There’s been a lengthy discussion on Twitter about RCP8.5. I think it was initiated by Roger Pielke Jr, who continues in his campaign to police the scientific community:
This complaint was then promoted by Matt Ridley, and the discussion ensued. It remained mostly quite pleasant, but I found it quite remarkable that people who have publicly discussed this topic for a good number of years, are still remarkably confused about something that is ultimately quite simple.
The criticism of RCP8.5 was a combination of it being completely unrealistic, and it being a scenario that climate scientists use in their studies so as to get more interesting results. In case some don’t know, RCP8.5 is one of the Representative Concentration Pathways (RCPs). These are a set of scenarios that consider different possible future atmospheric greenhouse gas (and aerosol) concentration pathways. They can also be regarded as possible future forcing pathways; pathways that produce a range of different externally-driven radiative perturbations. They go from one in which we keep the concentrations, and resulting change in forcing, quite low (RCP2.6) to one (RCP8.5) in which the concentrations keep rising, eventually reaching a level such that the change in forcing, by 2100, is 8.5 Wm-2.
These concentration (or forcing) pathways can then be used as input to climate models to try to understand how our climate will respond to a range of different possible future pathways. However, to relate these concentration pathways to our actions requires associating them with emission pathways. However, given uncertainties in the response of the natural carbon sinks, there isn’t a single emission pathway for a given concentration pathway. Even though it would now seem unlikely that we will follow an emission pathway typically associated with RCP8.5, uncertainties in carbon cycle feedbacks mean that we can’t rule out that an emission pathway typically associated with a lower RCP could lead to us following a concentration pathway close to RCP8.5. Therefore, I don’t think we can yet definitively rule out RCP8.5.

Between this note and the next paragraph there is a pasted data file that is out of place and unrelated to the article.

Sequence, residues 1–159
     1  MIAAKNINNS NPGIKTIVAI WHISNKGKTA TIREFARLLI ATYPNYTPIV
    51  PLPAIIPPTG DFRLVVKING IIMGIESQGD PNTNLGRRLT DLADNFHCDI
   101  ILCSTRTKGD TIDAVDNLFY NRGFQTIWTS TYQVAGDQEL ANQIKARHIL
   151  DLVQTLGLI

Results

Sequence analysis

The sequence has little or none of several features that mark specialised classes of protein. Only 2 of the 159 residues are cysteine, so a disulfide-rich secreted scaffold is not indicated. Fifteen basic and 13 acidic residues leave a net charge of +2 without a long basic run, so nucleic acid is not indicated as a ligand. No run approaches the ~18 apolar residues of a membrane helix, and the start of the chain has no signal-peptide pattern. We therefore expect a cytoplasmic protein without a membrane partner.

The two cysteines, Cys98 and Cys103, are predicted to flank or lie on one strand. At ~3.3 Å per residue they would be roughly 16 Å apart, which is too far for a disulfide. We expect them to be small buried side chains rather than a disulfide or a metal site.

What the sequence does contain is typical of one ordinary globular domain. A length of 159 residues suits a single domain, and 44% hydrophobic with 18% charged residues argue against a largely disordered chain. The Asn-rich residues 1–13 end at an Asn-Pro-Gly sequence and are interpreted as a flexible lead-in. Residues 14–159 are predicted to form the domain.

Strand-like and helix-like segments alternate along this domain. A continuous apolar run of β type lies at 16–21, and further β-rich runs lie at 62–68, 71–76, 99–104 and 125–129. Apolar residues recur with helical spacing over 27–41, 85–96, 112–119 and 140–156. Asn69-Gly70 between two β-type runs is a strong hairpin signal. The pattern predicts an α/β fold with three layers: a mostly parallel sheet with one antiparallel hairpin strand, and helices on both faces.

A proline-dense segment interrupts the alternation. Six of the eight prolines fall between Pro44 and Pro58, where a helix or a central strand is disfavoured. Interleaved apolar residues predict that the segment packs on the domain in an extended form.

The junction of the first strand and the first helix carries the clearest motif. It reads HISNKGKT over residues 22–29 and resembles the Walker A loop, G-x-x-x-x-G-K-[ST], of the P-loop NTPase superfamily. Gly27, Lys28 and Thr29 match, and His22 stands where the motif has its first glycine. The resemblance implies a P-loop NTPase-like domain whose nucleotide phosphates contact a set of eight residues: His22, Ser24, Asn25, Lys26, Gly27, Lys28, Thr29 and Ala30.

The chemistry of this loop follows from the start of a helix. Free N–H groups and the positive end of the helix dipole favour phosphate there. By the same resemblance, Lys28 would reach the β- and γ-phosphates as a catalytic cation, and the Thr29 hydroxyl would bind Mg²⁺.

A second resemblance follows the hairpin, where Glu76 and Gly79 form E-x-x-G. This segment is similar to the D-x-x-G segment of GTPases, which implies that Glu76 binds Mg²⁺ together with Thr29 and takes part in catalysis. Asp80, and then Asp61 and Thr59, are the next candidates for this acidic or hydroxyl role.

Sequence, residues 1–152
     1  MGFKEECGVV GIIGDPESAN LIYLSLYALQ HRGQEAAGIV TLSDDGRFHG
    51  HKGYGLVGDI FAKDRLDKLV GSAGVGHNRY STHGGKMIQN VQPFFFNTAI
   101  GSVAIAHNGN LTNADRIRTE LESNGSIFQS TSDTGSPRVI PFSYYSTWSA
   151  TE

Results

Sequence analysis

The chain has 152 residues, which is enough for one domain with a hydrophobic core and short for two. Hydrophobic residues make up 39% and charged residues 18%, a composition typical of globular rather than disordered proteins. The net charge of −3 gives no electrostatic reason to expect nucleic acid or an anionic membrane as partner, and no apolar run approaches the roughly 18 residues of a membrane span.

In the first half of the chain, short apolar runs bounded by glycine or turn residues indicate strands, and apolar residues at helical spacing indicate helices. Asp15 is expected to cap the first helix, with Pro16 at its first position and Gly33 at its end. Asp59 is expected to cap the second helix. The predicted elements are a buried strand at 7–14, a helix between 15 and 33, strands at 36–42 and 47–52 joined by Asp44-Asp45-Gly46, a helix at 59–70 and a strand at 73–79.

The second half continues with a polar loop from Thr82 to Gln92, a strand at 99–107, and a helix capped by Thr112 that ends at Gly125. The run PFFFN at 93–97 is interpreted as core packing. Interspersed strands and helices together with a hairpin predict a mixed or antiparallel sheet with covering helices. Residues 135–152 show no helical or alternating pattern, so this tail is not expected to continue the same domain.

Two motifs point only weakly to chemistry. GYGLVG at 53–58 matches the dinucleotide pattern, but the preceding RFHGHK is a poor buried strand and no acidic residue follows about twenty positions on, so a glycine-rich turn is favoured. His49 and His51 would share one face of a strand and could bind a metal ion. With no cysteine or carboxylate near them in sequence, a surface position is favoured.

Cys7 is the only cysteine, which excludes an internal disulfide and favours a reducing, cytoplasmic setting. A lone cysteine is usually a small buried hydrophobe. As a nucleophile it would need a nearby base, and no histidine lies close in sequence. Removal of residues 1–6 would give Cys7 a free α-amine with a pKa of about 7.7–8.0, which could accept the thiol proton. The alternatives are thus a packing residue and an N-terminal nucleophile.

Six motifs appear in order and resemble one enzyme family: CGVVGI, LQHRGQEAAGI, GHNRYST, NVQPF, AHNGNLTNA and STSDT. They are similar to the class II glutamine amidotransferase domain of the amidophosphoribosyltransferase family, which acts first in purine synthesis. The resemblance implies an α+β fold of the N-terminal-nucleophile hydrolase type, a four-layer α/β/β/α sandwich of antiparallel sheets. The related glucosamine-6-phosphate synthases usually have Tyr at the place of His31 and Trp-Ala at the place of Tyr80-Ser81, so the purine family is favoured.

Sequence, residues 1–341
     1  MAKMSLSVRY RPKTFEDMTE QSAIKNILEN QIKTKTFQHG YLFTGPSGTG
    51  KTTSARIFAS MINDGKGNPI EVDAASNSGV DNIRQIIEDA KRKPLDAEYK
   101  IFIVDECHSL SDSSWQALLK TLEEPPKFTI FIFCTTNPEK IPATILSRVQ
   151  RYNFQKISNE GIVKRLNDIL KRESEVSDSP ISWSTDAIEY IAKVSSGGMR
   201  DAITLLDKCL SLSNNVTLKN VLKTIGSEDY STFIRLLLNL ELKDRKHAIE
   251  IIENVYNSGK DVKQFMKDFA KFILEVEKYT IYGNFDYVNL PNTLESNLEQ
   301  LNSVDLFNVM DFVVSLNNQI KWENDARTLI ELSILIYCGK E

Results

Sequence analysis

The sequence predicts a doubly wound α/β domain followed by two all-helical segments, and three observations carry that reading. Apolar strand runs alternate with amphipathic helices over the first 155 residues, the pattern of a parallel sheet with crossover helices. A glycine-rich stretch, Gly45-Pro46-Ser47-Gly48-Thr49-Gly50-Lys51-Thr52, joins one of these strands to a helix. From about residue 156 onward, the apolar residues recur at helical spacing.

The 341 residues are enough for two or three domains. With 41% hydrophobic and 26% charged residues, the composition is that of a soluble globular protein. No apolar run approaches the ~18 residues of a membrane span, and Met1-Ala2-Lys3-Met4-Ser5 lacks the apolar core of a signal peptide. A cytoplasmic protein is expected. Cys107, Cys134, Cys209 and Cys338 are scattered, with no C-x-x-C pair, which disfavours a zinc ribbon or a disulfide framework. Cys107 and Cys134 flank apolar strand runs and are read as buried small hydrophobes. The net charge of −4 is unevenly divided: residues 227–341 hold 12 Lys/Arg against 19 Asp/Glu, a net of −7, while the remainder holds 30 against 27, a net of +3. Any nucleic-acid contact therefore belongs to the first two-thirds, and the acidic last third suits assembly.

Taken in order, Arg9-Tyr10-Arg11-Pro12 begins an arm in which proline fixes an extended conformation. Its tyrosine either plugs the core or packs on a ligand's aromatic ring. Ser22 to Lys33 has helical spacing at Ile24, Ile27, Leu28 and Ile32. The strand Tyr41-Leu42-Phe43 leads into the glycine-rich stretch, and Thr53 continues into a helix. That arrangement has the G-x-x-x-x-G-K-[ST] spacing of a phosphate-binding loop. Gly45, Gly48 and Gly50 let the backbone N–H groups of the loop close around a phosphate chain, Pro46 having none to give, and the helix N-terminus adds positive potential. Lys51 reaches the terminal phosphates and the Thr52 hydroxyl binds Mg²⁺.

The other issue is climate scientists supposedly using RCP8.5 in order to get more interesting results (what Roger calls climate porn). It may well be that climate scientists use RCP8.5 more often than other concentration pathways. One reason for using RCP8.5 is that a pathway with a large change in forcing allows one to better distinguish between the signal (i.e., the response to the change in external forcing) and the noise (the natural variations). One can then probably still use this to estimate what would happen were the change in forcing to be lower [Edit: As Katharine Hayhoe pointed out, you can do this because a high forcing pathway will move through the levels of change associated with the lower forcing pathways]. Another reason will also be that understanding extreme outcomes can, in some cases, be somewhat more important than studying outcomes that we would probably expect to not be particularly extreme.
Of course, I do think that people should be very clear about what they’re doing. It does seem unlikely that will now follow an emission pathway that will lead to an RCP8.5-like concentration/forcing pathway. Therefore people should not present results of studies that use RCP8.5 as being somehow likely. However, this does not mean that there is no value in still considering this pathway. As already mentioned, using a pathway with a large change in forcing can help to distinguish between the forced response, and internal variability. Additionally, there is also a chance that the more we dismiss the possibility of following an RCP8.5-like pathway, the more likely it becomes that we might actually follow one.
As pointed out on Twitter (H/T Ambarish Karmalkar) many studies actually use RCP4.5 and RCP8.5. In fact, when I did a quick search, a lot of the results did use both RCP4.5 and RCP8.5. The figure on Roger’s tweet also seems to show this; the two most commonly used scenarios are RCP4.5 and RCP8.5 (with RCP8.5 appearing to be used slightly more often than RCP4.5).